Students from low income families have relatively poor prospects for earning a baccalaureate degree from college. Furthermore, while the prospects for students from higher income families improved during the 1980s, students from families earning less than $20,000 per year lost both in terms of access to higher education and completion of degree programs. This paper examines three financial aid policies that work against dependent students from low income families: (1) zeroing-out calculated negative parental contributions, (2) requiring a minimum self help expectation from students from low income families, and (3) substituting expensive financial aid (loans) for free aid (grants). These policies make college a substantially more expensive investment decision for low income students, thus denying many of them the education their higher income counterparts can afford.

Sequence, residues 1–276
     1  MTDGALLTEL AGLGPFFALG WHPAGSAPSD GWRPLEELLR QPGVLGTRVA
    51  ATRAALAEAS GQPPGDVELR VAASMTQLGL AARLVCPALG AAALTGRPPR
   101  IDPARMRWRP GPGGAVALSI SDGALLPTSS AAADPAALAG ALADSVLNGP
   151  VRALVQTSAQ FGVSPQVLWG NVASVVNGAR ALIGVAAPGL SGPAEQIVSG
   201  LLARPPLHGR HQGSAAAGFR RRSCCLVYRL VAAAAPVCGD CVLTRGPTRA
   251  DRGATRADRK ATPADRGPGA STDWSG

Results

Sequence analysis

"Financial Aid Problems for Dependent Students From Low Income Families ,"
Journal of Student Financial Aid: Vol. 21
, Article 3.
Available at: http://publications.nasfaa.org/jsfa/vol21/iss3/3